In Algebra 1 we're working on solving linear systems, to problems like "x=y+3 2x-y+5" And I don't even know where to start.

## How do I solve a linear system

Tutors, please sign in to answer this question.

# 3 Answers

X = y +3

2X - y = 5

X - y = 3 (1)

2X - y = 5 ( 2) / first make equations in the standard form of

/ aX + b =c

You see here that if you subtract equation equ (1) from (2)

X = 5-3 = 2

Substitute X =2 back to equation (1)

2 - y = 3 Y = 2 - 3 = -1

You'll learn better techniques for higher order systems, but the 2nd order system (2 eqtns with 2 unknowns) is straightforward to solve by hand. Here are the general steps

1) Place both equations in the form aX + bY = c

2) Inspect the constants of both equations to find a GCM for either X or Y

3) Multiply Either equation (or both) to achieve the GCM in both eqtns for that X or Y

4) Add or subtract the equations to get RID of that X or Y

5) Solve for that remaining Y or X

6) Substitute that first answer (YorX) to compute the other (XorY)

Let's do your example

1)

x-y=3

2x-y=5

2)Looking at the above, you'll note that if we subtract the 1st equation from the 2nd, we can make the Y-variable disappear. To be clear, I'll rewrite them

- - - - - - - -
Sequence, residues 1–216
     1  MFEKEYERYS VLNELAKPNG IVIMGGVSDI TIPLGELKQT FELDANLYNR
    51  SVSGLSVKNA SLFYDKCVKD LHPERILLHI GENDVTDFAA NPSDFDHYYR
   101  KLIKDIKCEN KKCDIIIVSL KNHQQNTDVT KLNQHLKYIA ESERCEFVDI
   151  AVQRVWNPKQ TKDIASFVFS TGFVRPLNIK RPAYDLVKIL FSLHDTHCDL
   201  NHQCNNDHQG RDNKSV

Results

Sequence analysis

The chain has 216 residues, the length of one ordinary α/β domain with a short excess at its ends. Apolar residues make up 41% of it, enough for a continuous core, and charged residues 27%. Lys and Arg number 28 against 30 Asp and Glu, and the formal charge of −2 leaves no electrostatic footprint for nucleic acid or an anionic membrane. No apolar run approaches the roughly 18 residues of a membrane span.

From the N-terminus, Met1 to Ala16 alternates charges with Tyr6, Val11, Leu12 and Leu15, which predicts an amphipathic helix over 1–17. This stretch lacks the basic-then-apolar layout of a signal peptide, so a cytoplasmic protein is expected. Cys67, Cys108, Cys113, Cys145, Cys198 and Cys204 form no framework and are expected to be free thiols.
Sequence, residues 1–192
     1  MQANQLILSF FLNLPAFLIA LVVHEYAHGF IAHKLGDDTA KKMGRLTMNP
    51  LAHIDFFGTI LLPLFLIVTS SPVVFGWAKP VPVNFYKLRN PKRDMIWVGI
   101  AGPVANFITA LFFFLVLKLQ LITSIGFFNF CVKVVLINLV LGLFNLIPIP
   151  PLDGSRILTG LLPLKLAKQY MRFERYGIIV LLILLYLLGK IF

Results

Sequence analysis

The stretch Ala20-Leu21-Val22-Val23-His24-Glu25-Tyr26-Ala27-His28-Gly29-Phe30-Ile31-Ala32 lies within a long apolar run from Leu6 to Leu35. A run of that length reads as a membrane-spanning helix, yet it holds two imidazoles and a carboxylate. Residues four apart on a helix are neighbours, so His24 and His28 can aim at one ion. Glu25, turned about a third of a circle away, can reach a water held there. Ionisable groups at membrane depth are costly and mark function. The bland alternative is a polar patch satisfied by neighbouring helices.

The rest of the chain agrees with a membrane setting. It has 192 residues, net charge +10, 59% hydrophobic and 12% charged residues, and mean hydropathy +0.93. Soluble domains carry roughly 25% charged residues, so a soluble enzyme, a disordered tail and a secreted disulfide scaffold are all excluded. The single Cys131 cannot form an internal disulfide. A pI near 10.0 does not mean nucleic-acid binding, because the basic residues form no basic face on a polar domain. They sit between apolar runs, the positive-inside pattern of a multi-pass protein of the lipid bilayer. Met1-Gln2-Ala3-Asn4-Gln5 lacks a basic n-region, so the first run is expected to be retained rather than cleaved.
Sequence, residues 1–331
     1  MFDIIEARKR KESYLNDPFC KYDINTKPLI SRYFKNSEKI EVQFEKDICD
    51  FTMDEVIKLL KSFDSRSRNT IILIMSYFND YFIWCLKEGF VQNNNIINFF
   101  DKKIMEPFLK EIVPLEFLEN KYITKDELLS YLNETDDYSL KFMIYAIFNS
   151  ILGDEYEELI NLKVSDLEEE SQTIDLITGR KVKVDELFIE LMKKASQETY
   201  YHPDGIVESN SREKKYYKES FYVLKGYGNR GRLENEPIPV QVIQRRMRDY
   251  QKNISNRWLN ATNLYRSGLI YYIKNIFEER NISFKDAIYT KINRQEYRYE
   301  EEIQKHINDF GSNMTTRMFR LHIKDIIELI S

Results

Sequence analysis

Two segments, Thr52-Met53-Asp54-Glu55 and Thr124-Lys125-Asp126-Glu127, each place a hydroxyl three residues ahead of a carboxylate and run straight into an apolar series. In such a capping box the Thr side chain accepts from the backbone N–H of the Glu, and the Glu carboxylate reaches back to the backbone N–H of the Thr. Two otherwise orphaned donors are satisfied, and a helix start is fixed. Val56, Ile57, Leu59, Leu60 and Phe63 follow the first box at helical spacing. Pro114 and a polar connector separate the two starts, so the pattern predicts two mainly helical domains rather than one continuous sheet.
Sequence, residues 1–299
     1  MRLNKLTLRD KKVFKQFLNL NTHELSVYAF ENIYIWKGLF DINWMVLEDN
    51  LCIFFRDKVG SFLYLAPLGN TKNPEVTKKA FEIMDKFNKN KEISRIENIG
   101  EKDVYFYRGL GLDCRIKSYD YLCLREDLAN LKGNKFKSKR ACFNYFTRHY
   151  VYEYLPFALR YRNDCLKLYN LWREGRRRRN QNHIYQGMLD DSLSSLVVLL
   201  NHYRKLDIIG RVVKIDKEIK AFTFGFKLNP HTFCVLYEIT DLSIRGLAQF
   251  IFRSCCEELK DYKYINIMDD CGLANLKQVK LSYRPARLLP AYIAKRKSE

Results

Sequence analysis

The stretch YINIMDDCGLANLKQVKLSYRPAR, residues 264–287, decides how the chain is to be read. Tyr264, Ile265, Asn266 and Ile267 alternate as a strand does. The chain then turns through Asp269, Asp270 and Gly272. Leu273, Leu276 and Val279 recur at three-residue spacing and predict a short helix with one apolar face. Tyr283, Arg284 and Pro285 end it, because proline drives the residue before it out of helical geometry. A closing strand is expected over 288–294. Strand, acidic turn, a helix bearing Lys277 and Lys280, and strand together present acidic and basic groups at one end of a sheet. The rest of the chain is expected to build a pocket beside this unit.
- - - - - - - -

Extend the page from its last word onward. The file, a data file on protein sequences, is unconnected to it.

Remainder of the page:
2x-y=5

-( x-y)=3

x = (5-3)=2

6) Now just pick an equation to substitute back to find y (doesn't matter which one you use)

-y=3-x (moved x to the right on 1st eqtn)

y=x-3 (multiplied by -1 on both sides)

y=(2)-3= -1 (substituted 2 into x from above)-----> (x,y)=(2,-1)

6) Lets check the other eqtn just to verify

-y =-2x + 5

y= 2x - 5 (multiplied by -1 on both sides)

y=2(2)-5= -1 (substituted 2 into x from above)-----> (x,y)=(2,-1) VERIFIED!

Ok as you have said this is linear equation. The first step is to take "x" and "y" to one side for both the equation so you get: x-y = 3 (subtracting y on both side) and 2x-y = -5 ( subtracting 5 both side). Now you subtract the two equation you get :
-x = 8, so x = -8 and putting this "x" in first equation gives -8 - y =3. So y= -11. Thank You

## Comments

Comment